471855 Engineering of Virus-like Particles for Targeted Delivery of Cancer Drugs

Monday, November 14, 2016
Grand Ballroom B (Hilton San Francisco Union Square)
Maya Nagasawa1, Marcus Rohovie2 and James Swartz1,2, (1)Bioengineering, Stanford University, Stanford, CA, (2)Chemical Engineering, Stanford University, Stanford, CA

Prostate cancer is the second leading cause of cancer death in American men, and chemotherapy has been limited because of harsh side effects caused by the systemic delivery of cancer drugs including docetaxel. Virus-like particles (VLPs) designed for targeted drug delivery to prostate cancer cells can help increase the docetaxel efficacy and reduce side effects. VLPs are hollow and non-infectious nanoparticles derived from the viral capsid, and they have been engineered to be used as targeted drug delivery vehicles by loading therapeutic cargo inside the capsid. The Swartz lab has engineered Hepatitis B core VLPs to be stable during manufacture and storage, but to lose stability under cytoplasmic conditions. This allows the drug cargo to be released inside the cells. Targeting molecules, such as antibody fragments that bind to the cell surface markers of prostate cancer, can be used to direct the VLPs to prostate cancer cells to reduce the undesired side effects. The Swartz lab has developed a process to functionalize the VLP surface with these ligands using non-natural amino acid incorporation and cell-free protein synthesis. This work focuses on recent efforts for the effective loading and retention of docetaxel inside the VLP. For effective loading, we introduced several different C-termini that extend into the VLP interior, on which different types of charged and hydrophobic cancer drugs will adsorb by electrostatic and hydrophobic interactions. We further engineered the VLPs to constrict the pores for the better retention of the cargo during the circulation. The final delivery vehicle functionalized with the targeting molecules will provide improved efficacy and reduced side effects compared to the systemic administration of docetaxel.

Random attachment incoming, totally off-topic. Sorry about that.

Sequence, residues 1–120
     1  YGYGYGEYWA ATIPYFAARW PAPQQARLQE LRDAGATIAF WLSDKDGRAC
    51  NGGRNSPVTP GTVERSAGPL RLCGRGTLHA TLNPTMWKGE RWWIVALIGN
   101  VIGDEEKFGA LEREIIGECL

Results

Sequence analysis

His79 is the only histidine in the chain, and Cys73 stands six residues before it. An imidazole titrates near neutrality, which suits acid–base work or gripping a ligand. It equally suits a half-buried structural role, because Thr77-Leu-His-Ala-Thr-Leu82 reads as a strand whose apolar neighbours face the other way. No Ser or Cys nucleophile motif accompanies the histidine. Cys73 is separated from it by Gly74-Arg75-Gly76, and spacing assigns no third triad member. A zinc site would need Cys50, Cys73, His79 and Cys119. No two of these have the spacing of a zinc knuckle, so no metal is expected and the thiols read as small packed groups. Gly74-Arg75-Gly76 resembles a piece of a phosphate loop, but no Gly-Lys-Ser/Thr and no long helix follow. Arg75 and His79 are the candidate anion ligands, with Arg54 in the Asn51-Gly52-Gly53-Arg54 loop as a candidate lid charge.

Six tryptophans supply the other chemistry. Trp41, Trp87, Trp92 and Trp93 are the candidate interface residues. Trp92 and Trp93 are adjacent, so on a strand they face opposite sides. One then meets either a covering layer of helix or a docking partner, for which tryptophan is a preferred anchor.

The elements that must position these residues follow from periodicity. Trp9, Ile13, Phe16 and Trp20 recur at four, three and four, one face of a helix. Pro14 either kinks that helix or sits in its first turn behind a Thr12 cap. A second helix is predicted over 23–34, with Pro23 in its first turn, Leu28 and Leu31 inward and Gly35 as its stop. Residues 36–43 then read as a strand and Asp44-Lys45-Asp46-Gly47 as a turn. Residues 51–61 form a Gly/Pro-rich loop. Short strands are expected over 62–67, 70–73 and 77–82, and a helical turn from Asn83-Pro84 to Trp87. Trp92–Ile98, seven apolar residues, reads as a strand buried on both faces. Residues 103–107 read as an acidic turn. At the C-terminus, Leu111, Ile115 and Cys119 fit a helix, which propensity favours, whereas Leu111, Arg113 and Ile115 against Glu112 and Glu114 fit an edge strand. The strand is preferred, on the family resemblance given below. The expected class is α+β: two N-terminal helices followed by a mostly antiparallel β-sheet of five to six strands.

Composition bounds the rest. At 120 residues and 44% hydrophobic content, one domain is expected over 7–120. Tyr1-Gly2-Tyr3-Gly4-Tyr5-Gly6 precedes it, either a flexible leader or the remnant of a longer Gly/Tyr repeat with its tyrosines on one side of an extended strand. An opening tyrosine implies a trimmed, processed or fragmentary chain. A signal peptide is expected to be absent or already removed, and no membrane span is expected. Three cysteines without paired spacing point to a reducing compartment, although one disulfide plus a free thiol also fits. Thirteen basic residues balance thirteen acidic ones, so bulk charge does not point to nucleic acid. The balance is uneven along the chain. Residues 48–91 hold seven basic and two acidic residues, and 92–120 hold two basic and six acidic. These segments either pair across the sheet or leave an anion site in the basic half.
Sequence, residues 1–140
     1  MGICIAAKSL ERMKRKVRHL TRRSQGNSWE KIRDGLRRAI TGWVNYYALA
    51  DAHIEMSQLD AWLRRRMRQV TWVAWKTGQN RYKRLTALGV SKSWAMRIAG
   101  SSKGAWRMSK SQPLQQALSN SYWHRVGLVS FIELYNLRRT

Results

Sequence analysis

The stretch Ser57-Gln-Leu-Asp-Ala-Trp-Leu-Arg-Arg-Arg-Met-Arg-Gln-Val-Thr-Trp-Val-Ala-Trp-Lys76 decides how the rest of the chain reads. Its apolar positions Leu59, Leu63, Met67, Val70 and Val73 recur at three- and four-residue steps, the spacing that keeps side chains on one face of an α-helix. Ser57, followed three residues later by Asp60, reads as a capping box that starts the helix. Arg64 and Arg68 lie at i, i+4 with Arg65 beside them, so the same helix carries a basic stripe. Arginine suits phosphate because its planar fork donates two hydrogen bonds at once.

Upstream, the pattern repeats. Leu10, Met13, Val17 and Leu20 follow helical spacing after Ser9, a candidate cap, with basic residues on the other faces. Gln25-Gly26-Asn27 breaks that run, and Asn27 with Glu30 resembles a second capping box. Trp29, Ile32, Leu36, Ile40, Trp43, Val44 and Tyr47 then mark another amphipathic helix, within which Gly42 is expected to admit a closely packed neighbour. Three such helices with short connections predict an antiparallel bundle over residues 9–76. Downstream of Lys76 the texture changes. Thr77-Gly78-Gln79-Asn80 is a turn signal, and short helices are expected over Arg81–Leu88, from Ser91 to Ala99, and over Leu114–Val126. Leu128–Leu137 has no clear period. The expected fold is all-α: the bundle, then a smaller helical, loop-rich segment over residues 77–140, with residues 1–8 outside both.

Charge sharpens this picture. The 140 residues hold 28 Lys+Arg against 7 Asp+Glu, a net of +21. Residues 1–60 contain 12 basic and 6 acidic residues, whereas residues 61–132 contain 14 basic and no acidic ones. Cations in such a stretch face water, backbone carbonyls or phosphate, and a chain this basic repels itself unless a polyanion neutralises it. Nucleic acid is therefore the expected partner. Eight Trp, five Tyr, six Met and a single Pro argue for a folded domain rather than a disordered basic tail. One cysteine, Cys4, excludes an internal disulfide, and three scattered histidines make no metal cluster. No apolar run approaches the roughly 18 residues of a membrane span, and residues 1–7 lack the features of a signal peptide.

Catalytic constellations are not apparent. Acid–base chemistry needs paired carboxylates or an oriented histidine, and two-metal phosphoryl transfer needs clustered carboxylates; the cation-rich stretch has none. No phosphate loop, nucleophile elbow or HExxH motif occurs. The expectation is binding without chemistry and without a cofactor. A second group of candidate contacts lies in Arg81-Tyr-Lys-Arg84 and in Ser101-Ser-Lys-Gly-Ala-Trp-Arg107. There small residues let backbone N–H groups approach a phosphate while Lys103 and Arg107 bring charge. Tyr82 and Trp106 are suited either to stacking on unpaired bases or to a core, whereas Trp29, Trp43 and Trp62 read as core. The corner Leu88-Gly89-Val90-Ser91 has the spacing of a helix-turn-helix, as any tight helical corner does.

Extended Abstract: File Not Uploaded